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“It is not that you should do wrong by design but that you should never do right by mistake.” – Junius
Following such a title, I suspect many a reader will continue on, expecting/hoping to find your own name or that of your own company. Truth be told, there are many great companies and leaders in our own PVF industry that aptly fit that title.
Often, I write to the next generation, acknowledging their self-described brilliance, their ability to leap tall buildings in a single bound, cure cancer, eliminate diabetes, solve world hunger, broker Middle East peace, and apparently fix our enterprises. While their self-assessment is often exaggerated and fraught with hyperbole, they are indeed a talented generation.
In the classroom and at the company, I often take the opportunity to encourage them to slow down and respect the tradition that came before them. For, without a “before them,” the very enterprise that employs them wouldn’t exist. In the spirit of managing expectations, they must be reminded that a career is not a sprint, but rather a marathon. However, today, I write to us – to the incumbent leaders, to our generation.
Our industry suffers an identity crisis. Nobody at the neighborhood party walks in asking the host to point out the PVF guy in the room, and the crowd begins to form. If you don’t think we have identity issues, just try a bit of campus recruiting. While the media and government may be convenient targets for the unrecognizable status and value of our industry, I encourage a bit of introspection for our identity image shortfalls. Perhaps a peak in the mirror is in order as it would identify both the source and the solution.
You see, there is an impressive humility in our industry that at times works against us. Often that humility extends to self-depreciation. If Boomers get too big for their britches or millennials get over their skis, our industry has a way of resetting them. We have our very own version of the tall poppy syndrome.
Many of the great successes in our industry are self-made. There is a pride that accompanies the self-made, which suggests that our actions will speak for us. Our achievements and history are known, and we have survived some of the greatest challenges an economy or government can ever present. We hang in there on the high, inside fast ball known as chin music. We’ll take the hit of the inside pitch right on the elbow, refuse to flinch, and advance to first base with that air of, “is that all ya got?”
However, many in our industry need to broaden their horizons and as they say, get out more. At times, it takes that outside perspective to see how great of an industry we have, the jobs we create, the taxes we pay, the commerce to which we contribute, and the charities we support. We create positive ripple effects in our economies and communities well beyond the initial glance at the numbers, which alone are impressive enough. Just think, without us, construction/manufacturing grinds to a halt. Without construction/manufacturing, the economy stumbles, and without a viable economy, the country gets weak in the knees. Enough said.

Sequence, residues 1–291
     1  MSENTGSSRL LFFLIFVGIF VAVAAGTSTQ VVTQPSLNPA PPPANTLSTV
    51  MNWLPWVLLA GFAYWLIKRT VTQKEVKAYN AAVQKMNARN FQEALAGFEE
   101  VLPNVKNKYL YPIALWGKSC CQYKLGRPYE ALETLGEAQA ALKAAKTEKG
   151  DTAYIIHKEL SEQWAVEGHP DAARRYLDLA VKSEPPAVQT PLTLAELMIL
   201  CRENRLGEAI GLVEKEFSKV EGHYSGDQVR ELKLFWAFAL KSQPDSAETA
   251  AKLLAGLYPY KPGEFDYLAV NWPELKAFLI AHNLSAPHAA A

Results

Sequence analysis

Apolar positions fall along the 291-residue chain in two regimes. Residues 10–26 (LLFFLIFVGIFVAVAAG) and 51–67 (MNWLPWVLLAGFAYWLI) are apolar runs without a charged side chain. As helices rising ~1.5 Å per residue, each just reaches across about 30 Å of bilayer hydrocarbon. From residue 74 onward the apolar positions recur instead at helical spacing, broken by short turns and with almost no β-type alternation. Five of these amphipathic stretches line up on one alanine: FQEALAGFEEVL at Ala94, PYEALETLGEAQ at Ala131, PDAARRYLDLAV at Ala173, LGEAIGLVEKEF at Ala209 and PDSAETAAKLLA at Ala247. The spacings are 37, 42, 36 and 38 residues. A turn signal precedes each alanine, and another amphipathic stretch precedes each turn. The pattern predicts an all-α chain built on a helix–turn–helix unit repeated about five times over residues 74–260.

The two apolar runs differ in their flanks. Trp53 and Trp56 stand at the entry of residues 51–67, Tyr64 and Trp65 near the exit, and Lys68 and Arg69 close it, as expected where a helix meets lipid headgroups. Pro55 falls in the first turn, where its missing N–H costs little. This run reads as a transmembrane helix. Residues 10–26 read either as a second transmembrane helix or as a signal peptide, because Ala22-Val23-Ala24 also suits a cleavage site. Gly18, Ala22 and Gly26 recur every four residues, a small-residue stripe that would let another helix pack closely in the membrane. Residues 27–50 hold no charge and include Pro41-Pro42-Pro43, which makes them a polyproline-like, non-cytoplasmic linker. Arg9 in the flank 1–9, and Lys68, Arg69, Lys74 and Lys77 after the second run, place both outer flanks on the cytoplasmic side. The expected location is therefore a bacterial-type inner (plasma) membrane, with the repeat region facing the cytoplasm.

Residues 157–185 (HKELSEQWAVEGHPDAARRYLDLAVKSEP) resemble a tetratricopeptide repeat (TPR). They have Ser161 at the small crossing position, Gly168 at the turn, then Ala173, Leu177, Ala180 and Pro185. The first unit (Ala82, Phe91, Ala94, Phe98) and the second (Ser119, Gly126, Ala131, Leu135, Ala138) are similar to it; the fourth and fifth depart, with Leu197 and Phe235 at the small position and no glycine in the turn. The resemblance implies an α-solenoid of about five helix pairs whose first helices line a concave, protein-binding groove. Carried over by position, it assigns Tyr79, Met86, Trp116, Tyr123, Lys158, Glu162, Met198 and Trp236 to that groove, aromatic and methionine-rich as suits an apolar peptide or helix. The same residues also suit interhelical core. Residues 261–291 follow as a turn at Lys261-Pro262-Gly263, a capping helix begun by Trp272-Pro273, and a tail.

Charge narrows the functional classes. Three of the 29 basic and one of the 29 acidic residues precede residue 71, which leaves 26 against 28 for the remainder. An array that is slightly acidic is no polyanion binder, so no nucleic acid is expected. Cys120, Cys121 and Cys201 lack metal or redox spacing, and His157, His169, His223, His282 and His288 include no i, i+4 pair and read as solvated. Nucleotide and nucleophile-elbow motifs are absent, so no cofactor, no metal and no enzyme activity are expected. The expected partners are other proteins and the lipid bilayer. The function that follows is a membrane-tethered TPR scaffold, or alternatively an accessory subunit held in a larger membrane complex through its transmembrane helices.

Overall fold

If this were a doctoral dissertation, we would need to test that hypothesis, however, I’d rather not…as the economy did it for us beginning in 2009! I purport that our industry is relevant and, as the title of the article suggests, we are a great industry as evidenced by our perennial relevance. The endurance of our PVF industry is not measured in weeks, months, years or even decades, but rather centuries. As our industry and its leadership gets “older,” or euphemistically “mature,” we are now preparing the next generation of industry leadership; in effect, those to whom we will entrust our life’s work. It is imperative that we get the word out.
Our industry is indeed great. We offer high-paying jobs, willing mentors, accelerated promotional opportunities, educational support. What an appeal for someone to invest his/her career. The most appealing to this next generation may be the opportunity to make a difference — to make a difference in our communities, our country, and the lives of others. Our industry makes a difference. It is incumbent upon us to explain it properly and thoroughly. We must shout it from the mountain. The generation that follows us will have the ability, through our very own industry, to be a change agent and this will resonate with them.
First, we must find those individuals and begin packaging the attraction of our PVF industry. Next time you are either at a wedding or funeral, look around and note the number of your attendees that you know from our industry. Throughout life, friendships are formed, lives are lived and wealth is created. The medium facilitating this is our great industry. Find those with STEM education or technical interests and aptitude, for we will be their laboratory. Let’s network this next generation of High Potential Employees (HPEs) through our trade associations and friendships, so they know they are not alone.
Thus, the take-away challenge: Raise your heads a bit higher and your voices a bit louder. Puff your chest a bit more, and know that your existence has been far more important to many a constituency beyond your own family and company. Through academics, directorships, speaking engagements and investing, I have been exposed to literally dozens of other industries.
Academically, I prepared myself to have a choice of career options. In the end, I liked us! I elected to spend my career in an industry of greatness with people who make a difference beyond the borders of their own company. I have found that environment and those people, and it is us… l
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